Google’s password manager now benefits from a single interface on all devices. It can now generate complex passwords on iOS and alert all users when a compromised password has been detected.
Google continues to improve its password manager. The company has just unveiled several new features that should simplify its use. The tool, accessible both in Android Settings and in those of the Chrome application, did not display the same interface until now.
A unified interface
Faced with questions from users who complained about finding the same information in two totally different places, Google decided to unify the interface of its password manager. It is now the same whether you access it in Chrome or from your Android smartphone settings.
In addition, if you use several different identifiers and passwords for the same site or the same application, Google has chosen to group them together to facilitate navigation in the access keychain.
Complex Passwords on iOS and Password Checkup for Everyone
To ensure that iOS users who have chosen to adopt Chrome’s password manager always use perfectly secure passwords, Google is introducing a complex password generator on the iPhone.
On Android, the password verification module is also evolving. Now, in addition to detecting compromised usernames and passwords, it identifies weak passwords that have been reused on several sites and prompts you to change them.
Google wants to be sure that users of its password manager are fully protected. To do this, the American company is extending its alert system in the event of detection of compromised identifiers to users of Chrome on Android, Chrome OS, iOS, Windows, macOS and Linux.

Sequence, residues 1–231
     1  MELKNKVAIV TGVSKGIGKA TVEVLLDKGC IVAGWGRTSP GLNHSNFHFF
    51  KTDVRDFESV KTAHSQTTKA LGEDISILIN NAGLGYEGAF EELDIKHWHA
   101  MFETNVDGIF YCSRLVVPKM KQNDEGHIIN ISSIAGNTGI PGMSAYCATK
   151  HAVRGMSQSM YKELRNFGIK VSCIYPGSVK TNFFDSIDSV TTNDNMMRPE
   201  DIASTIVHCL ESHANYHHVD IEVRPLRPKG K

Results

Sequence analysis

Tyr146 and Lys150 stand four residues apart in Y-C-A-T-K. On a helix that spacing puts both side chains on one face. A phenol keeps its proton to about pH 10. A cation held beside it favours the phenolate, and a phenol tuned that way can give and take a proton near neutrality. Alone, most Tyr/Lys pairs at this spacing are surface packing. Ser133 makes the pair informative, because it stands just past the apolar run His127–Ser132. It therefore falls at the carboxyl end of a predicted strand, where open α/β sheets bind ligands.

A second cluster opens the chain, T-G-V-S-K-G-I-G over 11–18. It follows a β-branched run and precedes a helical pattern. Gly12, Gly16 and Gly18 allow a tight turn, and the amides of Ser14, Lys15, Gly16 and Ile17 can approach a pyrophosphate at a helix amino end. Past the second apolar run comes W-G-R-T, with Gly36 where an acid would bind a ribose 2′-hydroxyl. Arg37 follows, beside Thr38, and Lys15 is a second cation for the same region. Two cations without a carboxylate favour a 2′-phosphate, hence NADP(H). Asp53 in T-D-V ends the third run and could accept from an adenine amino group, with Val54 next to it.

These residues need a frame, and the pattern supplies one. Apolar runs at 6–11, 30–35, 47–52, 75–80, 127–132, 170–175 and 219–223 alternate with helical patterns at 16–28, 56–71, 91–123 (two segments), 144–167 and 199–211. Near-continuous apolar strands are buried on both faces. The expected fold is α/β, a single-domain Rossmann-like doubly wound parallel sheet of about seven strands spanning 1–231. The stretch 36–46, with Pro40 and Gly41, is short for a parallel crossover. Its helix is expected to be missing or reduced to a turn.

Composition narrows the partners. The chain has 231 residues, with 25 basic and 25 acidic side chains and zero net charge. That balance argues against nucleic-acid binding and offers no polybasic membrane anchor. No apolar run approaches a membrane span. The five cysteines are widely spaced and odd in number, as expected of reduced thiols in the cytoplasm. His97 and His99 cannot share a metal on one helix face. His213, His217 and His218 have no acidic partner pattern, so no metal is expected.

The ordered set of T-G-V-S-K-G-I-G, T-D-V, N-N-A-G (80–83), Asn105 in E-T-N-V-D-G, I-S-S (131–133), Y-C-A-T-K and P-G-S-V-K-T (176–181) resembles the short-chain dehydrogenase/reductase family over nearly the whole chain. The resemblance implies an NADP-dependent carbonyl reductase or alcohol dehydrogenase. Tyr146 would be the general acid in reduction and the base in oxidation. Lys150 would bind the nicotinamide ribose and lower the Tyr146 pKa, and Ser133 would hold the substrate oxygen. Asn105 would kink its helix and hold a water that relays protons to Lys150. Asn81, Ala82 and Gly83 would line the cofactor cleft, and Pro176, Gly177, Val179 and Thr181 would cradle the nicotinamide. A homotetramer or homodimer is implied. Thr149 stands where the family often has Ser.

Manual additions and “Touch to login”
While Google’s Keychain knows how to save usernames and passwords when you first enter them in a login window, you can now also add them manually.
After introducing an auto-fill password feature, Google this time inaugurates Touch-to-login on Android. With this system, a pop-up containing your usernames and passwords is automatically displayed when you place the cursor in a connection field. You then only have to validate the use of the saved login and password to connect.
The Californian firm finally seems to have become aware of the shortcomings of its tool and has, in recent weeks, multiplied the novelties. At the end of June, Google inaugurated a new option on Android to display a shortcut to its password manager on the home screen. A few days later, the Californian company updated its Chrome Web browser to version 103 and inaugurated on iOS the possibility of choosing its default password manager in the auto-fill module on the iPhone.